BACKGROUND: Community pharmacies offer a population-wide approach to scale opioid overdose prevention programs (OOPP). This qualitative study identified factors influencing implementation of New York State’s OOPP to inform the uptake of naloxone dispensation in rural and small metro area pharmacies.
METHODS: In-person interviews were conducted among licensed retail, independent, or supermarket pharmacists (n = 60) in the mid-Hudson valley area of New York in high- and medium-overdose regions. The semi-structured 29-item survey captured attitudes and experiences related to pharmacy participation in naloxone dispensation.
RESULTS: Data revealed pharmacist support for naloxone dispensation. Barriers to OOPP success included: (1) Insufficient retail pharmacy leadership support for administrative and clinical tasks for OOPP tasks; (2) excessive opioid analgesic prescribing by physicians; (3) limited uptake of naloxone by prescribers and patients; (4) out-of-pocket costs for patients to obtain naloxone; (5) lack of time, staffing, and space to provide opioid overdose prevention counseling; (6) concern for increased overdose fatalities and injection drug use in the pharmacy premises if pharmacists dispensed sterile syringes, naloxone, and/or Buprenorphine-naloxone; and (7) stigmatizing attitudes toward persons who use opioids.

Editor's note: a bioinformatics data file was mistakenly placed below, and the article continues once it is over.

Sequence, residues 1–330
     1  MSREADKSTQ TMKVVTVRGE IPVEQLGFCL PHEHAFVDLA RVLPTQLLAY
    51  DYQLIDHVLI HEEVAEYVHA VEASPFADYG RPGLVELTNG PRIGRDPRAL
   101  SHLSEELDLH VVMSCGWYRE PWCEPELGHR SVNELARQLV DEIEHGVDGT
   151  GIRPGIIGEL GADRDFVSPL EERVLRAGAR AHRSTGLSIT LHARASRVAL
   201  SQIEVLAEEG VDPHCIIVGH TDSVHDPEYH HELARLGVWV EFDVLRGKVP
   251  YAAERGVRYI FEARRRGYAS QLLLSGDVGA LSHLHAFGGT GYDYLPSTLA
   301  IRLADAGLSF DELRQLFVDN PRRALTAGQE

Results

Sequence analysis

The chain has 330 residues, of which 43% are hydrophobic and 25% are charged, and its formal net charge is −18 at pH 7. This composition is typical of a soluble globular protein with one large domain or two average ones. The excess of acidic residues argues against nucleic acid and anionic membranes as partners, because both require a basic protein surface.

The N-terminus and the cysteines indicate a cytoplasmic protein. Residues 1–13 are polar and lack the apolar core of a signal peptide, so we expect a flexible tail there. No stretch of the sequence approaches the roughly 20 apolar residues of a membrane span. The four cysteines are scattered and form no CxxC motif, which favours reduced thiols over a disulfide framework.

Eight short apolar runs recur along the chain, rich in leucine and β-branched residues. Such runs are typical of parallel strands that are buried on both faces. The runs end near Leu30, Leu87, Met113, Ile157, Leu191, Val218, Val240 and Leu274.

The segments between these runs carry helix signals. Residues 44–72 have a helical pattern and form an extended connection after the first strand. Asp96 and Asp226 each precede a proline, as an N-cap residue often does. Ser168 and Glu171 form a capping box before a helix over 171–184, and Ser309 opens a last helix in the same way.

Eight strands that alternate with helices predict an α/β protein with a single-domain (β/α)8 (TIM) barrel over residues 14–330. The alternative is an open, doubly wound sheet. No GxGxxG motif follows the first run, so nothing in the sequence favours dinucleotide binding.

CONCLUSION: Multi-level intervention efforts that include pharmacist-prescriber communication and training, and stigma-reducing efforts in rural and small metro area regions are needed.
Scaling opioid overdose prevention and naloxone dispensation among rural and small metro area pharmacists: Findings from a qualitative study
Journal of Substance Use, 28 (4), 568-573. doi: 10.1080/14659891.2022.2070877.